Robert Sinskey is my kind of winemaker — a native Californian who has his BA in Fine Arts from Parsons School of Design in New York City. He’s not science-y, or mathematical, or calculating; he doesn’t have a degree or certificate in horticulture, enology or even biology. In fact he’s never received a “traditional” winemaking “degree” of any kind. He’s an artist who brings his artistic abilities to his craft as a vintner.
Sinskey’s goal is to create “pure wines of character that pair well with cuisine,” and believes that good wines are the wines that “sneak up on you, seduce you, and evolve in the glass and in the bottle.” I told you, he’s my kind of winemaker.
I’ve been lucky to have worked alongside some very talented Rhône-style rockstar winemakers. And Cindy Cosco, owner and winemaker of Passaggio, is one such lady. Though I wouldn’t say she has a specific ‘niche,’ she does amazing things with those Rhône grapes and her 2016 expression of Grenache Blanc is a perfect example.
Whereas less refined expressions of the grape seem to be overly dramatic with the fruit flavors, downplaying the textural components, Cindy has crafted a well-rounded Grenache Blanc drinking experience that taps all the senses.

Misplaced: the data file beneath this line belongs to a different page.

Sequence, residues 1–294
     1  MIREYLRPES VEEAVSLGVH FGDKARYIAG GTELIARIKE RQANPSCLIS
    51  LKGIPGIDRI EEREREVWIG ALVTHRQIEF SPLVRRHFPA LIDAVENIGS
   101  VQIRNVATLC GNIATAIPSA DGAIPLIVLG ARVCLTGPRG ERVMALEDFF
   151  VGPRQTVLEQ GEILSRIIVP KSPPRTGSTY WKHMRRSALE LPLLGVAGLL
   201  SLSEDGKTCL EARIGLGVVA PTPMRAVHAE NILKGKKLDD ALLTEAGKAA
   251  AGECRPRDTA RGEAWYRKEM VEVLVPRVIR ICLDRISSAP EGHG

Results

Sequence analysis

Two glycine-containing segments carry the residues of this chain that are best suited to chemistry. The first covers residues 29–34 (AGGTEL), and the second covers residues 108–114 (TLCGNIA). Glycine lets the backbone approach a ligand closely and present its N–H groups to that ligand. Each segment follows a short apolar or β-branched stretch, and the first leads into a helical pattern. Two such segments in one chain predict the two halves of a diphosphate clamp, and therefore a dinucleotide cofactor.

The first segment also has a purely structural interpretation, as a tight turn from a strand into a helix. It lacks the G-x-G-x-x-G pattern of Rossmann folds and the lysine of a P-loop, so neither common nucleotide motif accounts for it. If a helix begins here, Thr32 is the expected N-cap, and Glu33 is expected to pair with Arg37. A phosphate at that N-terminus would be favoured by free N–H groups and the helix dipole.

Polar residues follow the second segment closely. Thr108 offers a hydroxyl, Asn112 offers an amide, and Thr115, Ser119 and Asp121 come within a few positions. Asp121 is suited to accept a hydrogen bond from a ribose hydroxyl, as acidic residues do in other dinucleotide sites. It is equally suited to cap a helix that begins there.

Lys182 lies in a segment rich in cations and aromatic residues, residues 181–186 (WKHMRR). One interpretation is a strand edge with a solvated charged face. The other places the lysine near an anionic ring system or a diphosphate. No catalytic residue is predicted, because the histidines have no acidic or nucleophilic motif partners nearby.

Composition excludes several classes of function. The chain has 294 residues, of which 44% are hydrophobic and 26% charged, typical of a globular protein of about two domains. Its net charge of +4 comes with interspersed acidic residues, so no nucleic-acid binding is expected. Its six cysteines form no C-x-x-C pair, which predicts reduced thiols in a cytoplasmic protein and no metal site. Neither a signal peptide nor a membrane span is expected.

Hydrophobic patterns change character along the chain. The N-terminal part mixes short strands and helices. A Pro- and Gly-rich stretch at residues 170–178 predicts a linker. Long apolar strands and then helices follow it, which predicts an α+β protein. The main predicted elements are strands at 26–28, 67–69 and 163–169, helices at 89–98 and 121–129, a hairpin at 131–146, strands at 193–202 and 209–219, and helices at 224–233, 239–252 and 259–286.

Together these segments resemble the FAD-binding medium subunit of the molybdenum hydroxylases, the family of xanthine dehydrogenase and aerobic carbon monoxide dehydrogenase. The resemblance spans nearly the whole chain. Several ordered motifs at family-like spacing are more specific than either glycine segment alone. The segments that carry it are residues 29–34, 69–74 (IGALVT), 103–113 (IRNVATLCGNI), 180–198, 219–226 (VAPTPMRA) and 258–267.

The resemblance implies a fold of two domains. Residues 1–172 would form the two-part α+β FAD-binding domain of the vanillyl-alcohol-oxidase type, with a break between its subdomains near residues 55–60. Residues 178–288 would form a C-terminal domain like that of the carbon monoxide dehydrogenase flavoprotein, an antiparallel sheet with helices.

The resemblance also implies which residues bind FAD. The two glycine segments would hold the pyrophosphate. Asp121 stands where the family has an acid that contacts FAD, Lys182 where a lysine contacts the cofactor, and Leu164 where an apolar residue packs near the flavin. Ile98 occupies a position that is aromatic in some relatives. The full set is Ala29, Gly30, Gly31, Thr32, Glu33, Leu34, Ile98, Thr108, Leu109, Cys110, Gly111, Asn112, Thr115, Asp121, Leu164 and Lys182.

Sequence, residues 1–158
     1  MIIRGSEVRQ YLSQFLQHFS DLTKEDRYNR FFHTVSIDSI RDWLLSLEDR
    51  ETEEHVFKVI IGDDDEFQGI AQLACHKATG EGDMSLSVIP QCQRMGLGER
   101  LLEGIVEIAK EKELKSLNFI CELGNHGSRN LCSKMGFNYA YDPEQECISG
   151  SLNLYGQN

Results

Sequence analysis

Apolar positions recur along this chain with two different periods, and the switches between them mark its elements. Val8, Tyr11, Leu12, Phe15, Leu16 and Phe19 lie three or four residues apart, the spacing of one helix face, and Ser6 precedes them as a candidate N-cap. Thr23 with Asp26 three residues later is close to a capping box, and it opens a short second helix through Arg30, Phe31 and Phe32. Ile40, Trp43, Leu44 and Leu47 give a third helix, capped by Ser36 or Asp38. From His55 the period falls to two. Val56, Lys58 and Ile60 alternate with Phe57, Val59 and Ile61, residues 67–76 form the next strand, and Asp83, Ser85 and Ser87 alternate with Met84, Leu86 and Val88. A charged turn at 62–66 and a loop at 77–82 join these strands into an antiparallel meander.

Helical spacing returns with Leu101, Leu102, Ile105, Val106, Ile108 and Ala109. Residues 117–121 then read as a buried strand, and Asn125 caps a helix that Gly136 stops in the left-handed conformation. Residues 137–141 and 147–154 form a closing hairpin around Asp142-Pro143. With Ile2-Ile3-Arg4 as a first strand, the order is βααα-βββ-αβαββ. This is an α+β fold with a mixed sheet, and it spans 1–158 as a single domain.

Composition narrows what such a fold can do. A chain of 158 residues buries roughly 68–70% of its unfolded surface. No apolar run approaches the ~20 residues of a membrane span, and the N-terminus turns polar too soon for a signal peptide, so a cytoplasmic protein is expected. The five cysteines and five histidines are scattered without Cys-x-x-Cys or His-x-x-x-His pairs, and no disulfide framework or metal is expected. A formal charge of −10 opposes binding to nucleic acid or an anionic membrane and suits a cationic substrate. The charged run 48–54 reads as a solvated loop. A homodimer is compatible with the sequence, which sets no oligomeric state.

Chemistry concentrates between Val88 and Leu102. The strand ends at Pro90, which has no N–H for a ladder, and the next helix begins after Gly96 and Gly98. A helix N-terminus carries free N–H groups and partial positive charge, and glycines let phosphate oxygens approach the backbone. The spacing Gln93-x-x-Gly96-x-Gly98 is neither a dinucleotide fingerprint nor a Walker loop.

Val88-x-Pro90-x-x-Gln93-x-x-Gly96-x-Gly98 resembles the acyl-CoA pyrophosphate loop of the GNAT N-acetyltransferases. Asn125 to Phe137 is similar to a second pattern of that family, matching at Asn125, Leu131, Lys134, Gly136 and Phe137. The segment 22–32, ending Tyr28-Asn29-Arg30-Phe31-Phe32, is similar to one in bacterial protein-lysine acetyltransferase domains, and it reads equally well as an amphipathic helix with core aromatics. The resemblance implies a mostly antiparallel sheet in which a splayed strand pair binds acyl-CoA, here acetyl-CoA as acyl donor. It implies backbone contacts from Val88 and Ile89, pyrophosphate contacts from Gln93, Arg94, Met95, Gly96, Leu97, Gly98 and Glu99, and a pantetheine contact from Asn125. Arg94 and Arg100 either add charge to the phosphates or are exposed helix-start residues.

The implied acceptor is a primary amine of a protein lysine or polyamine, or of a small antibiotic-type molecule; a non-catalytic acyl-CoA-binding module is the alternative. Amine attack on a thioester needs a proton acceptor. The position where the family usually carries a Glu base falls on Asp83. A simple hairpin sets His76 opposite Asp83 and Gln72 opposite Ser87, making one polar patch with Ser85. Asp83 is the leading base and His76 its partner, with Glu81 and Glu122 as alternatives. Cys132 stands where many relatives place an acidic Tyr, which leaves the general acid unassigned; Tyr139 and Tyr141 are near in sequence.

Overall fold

Love this quote from winemaker Cynthia Cosco posted on her website:
“I believe something magical happens when you bring wonderful friends, awesome food,
and great wines together.”
I believe that too, Cindy. Something washes over me, a form of relief and relaxation. Something that makes my default expression a smile and my immediate response a laugh. And to all those nay-sayers and negative energies…
Bohème Wines takes its name based on its Bohemian Highway location along the Sonoma Coast. Back in 1872 a San Francisco-based men’s club, the Bohemian Club was established — a group of artists, prominent business leaders, even a few government officials. In 1878, the men decided to follow the Bohemian Highway route to what is now referred to as the Bohemian Grove. Here the club would host a two to three week encampment celebrating art in all forms — whether created by man or nature.
On my most recent trip to Sonoma, I popped by the highly recommended Mounts Winery. A tiny little shack hidden in the hills of Dry Creek, this is the kind of winemaker one-on-one experience I crave every time I visit a winery. Admittedly, his wife Lana is usually behind the tasting table, but I came on a day when winemaker and third-generation vineyard owner, David Mounts, was able to host my small little group through a tasting of current releases himself.